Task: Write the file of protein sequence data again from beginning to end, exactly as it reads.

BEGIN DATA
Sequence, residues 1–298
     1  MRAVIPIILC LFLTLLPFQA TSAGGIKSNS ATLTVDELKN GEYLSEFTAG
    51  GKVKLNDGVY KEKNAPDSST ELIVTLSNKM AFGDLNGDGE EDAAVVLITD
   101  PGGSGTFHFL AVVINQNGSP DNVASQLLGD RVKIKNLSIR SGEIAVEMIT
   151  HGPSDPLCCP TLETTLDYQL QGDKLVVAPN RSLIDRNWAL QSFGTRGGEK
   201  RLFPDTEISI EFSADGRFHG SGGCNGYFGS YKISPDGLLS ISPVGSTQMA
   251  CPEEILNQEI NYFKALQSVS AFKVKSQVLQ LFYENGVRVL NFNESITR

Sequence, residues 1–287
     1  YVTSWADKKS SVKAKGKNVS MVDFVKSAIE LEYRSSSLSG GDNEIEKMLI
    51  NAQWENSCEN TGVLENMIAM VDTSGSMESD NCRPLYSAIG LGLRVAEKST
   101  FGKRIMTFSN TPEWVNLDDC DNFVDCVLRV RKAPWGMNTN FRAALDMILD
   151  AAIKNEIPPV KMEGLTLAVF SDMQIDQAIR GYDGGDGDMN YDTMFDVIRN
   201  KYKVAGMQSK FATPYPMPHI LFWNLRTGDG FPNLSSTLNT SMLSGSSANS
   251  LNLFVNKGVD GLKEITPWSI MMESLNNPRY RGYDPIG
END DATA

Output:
Sequence, residues 1–298
     1  MRAVIPIILC LFLTLLPFQA TSAGGIKSNS ATLTVDELKN GEYLSEFTAG
    51  GKVKLNDGVY KEKNAPDSST ELIVTLSNKM AFGDLNGDGE EDAAVVLITD
   101  PGGSGTFHFL AVVINQNGSP DNVASQLLGD RVKIKNLSIR SGEIAVEMIT
   151  HGPSDPLCCP TLETTLDYQL QGDKLVVAPN RSLIDRNWAL QSFGTRGGEK
   201  RLFPDTEISI EFSADGRFHG SGGCNGYFGS YKISPDGLLS ISPVGSTQMA
   251  CPEEILNQEI NYFKALQSVS AFKVKSQVLQ LFYENGVRVL NFNESITR

Sequence, residues 1–287
     1  YVTSWADKKS SVKAKGKNVS MVDFVKSAIE LEYRSSSLSG GDNEIEKMLI
    51  NAQWENSCEN TGVLENMIAM VDTSGSMESD NCRPLYSAIG LGLRVAEKST
   101  FGKRIMTFSN TPEWVNLDDC DNFVDCVLRV RKAPWGMNTN FRAALDMILD
   151  AAIKNEIPPV KMEGLTLAVF SDMQIDQAIR GYDGGDGDMN YDTMFDVIRN
   201  KYKVAGMQSK FATPYPMPHI LFWNLRTGDG FPNLSSTLNT SMLSGSSANS
   251  LNLFVNKGVD GLKEITPWSI MMESLNNPRY RGYDPIG